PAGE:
SMU: The Mustangs have a really intriguing DB prospect in CB Brandon Stephens who was actually originally recruited by UCLA as a RB; in fact, he played RB for the Pac-12 Bruins, albeit sparingly, for parts of three seasons before transferring to SMU where he switched to corner and ultimately broke up 22 passes in his two seasons out there. What makes Stephens especially intriguing is that he has a unique size/speed combination. For starters he’s big; he measured in at 6-1, 219 at the SMU pro day and then went out and clocked a 4.43 in the 40 and posted a 38-inch vertical.

San Diego State: SDSU CB Darren Hall is one of the better kept secrets in college football despite the fact that he tied for the national lead in total pass breakups in 2019 with 17. He followed that up in 2020 with three picks and 6 other pass breakups in 9 games as opponents generally stayed on the other side of the field. Hall was probably hoping to make a statement at the Aztecs’ pro day to back up those numbers, but he probably didn’t get it. Hall is not all that big or long as he measured in at 5-11, 188 with only 30.5 inch arms. He did manage to impress with an athletic 39-inch vertical, but his times in the 40 (4.47 seconds) as well as those in the short shuttle (4.28) and 3-cone drill would have been at the lower end at the position at the 2020 combine.

Georgia Southern: The Eagles have an interesting second-tier edge rushing prospect in Ray Johnson, a 4-year starter who has been reasonably productive at Georgia Southern despite being somewhat miscast as an undersized 3-4 DE. Johnson measured in at 6-2, 260 at the Eagles pro day, but with reasonably long 33-inch arms. He also tested reasonably well, posting a 33-inch vertical, a 4.73 40 clocking and a time of 7.24 seconds in the 3-cone drill which are all decent numbers for a guy in that size range.

South Dakota State WR Cade Johnson, a two-time FCS All-American who had 140 receptions for over 2,500 yards and 25 TDs over the past two seasons, was one of those small school stars NFL personnel people were eager to get a look at at their pro days. Unfortunately, Johnson came up a little short as in not very big with short arms. Officially, Johnson measured in at 5-10.5, 184 but with barely 29-inch arms. Johnson did test a little better in the fields but still didn’t blow anyone away with an okay 35-inch vertical and a 4.49 40 clocking.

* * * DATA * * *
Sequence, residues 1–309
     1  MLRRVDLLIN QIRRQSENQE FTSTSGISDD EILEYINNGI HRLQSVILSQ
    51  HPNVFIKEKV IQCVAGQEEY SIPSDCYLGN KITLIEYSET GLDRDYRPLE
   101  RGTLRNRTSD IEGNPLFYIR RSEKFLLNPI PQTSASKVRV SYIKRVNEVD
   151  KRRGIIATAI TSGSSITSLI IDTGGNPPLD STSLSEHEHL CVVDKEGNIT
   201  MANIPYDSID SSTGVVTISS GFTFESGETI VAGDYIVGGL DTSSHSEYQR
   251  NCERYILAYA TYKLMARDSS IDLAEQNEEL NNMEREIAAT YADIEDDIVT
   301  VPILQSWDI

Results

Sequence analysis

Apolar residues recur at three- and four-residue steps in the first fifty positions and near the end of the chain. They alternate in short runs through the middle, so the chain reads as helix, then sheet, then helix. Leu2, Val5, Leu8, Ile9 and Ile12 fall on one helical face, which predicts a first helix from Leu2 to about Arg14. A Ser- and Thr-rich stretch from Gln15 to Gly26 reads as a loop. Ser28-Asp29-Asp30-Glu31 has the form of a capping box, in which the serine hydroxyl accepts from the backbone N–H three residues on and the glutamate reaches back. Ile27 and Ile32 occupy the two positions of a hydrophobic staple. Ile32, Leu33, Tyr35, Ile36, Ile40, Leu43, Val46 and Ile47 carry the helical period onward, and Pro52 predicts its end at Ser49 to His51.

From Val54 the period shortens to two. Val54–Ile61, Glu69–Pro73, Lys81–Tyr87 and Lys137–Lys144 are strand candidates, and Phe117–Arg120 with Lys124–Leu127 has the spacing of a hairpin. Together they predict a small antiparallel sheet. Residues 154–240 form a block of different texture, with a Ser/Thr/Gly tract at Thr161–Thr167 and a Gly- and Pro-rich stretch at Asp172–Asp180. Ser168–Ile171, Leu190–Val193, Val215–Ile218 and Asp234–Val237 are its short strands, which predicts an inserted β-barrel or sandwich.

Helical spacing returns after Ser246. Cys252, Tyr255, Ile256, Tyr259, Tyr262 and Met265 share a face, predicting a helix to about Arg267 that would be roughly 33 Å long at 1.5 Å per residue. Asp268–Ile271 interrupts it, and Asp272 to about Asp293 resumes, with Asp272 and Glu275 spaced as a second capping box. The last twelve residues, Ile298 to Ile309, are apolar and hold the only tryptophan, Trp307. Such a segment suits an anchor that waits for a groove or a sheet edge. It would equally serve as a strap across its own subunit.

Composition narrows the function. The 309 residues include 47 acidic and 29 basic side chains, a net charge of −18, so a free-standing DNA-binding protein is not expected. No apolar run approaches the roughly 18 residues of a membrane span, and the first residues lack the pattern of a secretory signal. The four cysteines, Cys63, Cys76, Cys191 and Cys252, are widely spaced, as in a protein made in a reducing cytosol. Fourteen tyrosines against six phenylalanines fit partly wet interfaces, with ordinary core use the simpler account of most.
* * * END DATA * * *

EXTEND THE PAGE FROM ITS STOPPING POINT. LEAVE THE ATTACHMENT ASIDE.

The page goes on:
Boston College: The key workouts at the BC were a little contradictory as both TE Hunter Long and LB Isaiah McDuffie timed well in the 40, whereas the rest of their workouts were kind of ‘meh’. Long, one of the top 2-3 prospects at the position for the upcoming draft, for example, was clocked in a very good 4.63 for the 40, but he only had a 32.5-inch vertical and his agility drill times of 4.42 in the short shuttle and 7.41 in the 3-cone were below par for a receiving TE. Same story for McDuffie, who posted a 4.60 40 clocking, but like Long had only a 32.5-inch vertical combined with slowish times in both the short shuttle (4.41) and 3-cone drill (7.26).

Coastal Carolina: The Chanticleers had a dream 11-1 season in which their only loss was in OT in their bowl game, while star DE Tarron Jackson had a dream season of his own in which he was the Sun Belt defensive player of the year, a consensus All-American, and a finalist for the prestigious Lombardi Award (along with Trevor Lawrence and DeVonta Smith). As such, scouts were intrigued to see him work out at his pro day, but like several other small school players noted above Jackson didn’t test all that well. He measured in at 6-2, 254 and ran the 40 in 4.70 which is okay; he also posted 25 reps in the BP which is very good, but his vertical (just 29.5 inches) and agility drill times of 4.36 seconds in the short shuttle and 7.41 in the 3-cone weren’t very good at all.